I harbor no small amount of ambivalence toward the increasing mountain of data collected and shared by overland travelers in remote places. I relish the detail, the images, the narratives, and the peek behind the curtain. Hell, we are doing it right now on this very blog. It is part of what keeps us engaged and exploring. It keeps us inspired.

The rub is that all that information obscures some of the discovery. I believe that Julie leaves this planning process to me simply so she can see the new world unfold before her without prejudice, without bias. (She often ignores the links I send her regarding our future trips: “Does this look good”? “I don’t care, if you get us there, it will be good.”) We make a good team.


I unfold the maps. I can’t help it. With an assist from the wisdom of the Internet and physical guide books, through trial and error I lay out the route. Phone calls are made, emails sent. What is available? What is closed or impassable? What is new or different? How much does it cost? How do we get from A to B?

More information refines the process. A blueprint takes shape – driven by the organic, romantic, and random study of maps and formed by the focused research into the particulars that make a journey like this logistically possible. The inspiration and the planning go hand-in-glove.


Where are we?

Enough abstraction. Where are we going?

Beginning next week, we travel west from Gaborone to the Kgalagadi Transfrontier Park – a nature reserve built across borders by Botswana and South Africa. We will camp at one of the most remote places in all of southern Africa. We will relax over Christmas at a lodge where the menu is only in Afrikaans.

Our plans then take us next door into Namibia, where we will wild-camp where we find space and time, check in at friendly lodges, and return to NamibRand for a reunion with the first place that sealed our lifelong love of Africa.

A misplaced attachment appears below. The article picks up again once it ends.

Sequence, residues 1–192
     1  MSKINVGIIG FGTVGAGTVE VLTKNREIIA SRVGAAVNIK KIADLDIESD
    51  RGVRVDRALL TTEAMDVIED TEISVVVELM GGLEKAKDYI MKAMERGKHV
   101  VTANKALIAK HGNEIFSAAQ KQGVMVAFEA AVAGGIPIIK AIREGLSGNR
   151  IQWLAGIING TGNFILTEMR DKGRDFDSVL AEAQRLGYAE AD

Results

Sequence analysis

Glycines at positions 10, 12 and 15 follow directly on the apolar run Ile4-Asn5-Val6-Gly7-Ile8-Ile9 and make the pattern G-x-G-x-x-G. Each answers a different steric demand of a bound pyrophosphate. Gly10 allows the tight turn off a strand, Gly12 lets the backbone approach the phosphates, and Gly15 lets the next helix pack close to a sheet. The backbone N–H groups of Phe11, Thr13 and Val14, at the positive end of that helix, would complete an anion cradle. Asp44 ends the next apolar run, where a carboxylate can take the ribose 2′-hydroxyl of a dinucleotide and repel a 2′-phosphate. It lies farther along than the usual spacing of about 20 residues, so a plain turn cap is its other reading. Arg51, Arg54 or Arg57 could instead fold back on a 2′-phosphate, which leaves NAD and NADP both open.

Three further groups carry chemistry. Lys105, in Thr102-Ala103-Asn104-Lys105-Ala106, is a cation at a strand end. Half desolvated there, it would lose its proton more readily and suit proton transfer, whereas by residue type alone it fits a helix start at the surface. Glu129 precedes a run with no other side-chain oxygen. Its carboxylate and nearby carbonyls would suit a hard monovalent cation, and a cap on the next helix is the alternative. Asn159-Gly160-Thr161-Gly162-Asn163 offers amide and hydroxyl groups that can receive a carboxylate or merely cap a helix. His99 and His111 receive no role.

Me and a long-necked friend, NamibRand Nature Reserve, 2015.

Returning to Botswana, we look forward to a long journey through the great expanse of the Central Kalahari Game Reserve, a rendezvous with rhinos, and finally, home, to the city.

Follow along in the weeks ahead as we find the inspired, the planned, and the unexpected across southern Africa.

4 comments on “Expedition Planning – Southern Africa

  1. Stephanie Edwards says:

    It warms my heart that you use paper maps, pencils, pens, erasers, and paper. I totally agree that the Internet is a beautiful place, however, only as a supplement. I realize that world relies and is addicted to technology, but do folks ever look up? And if I have a map on my phone, and need to turn it upside down to see which way is south, it just turns with me. A paper map remains my friend and does not switch directions. And as we plan our trip to Botswana, the paper is my strength.

    Thank goodness for cartographers. If there hadn’t been math involved I would have been a cartographer or a meteorologist or an electrician.

    Liked by 1 person

    1. Math was always my Achilles Heel. But I fear that I didn’t really apply myself to it in school, and might have done better if I had.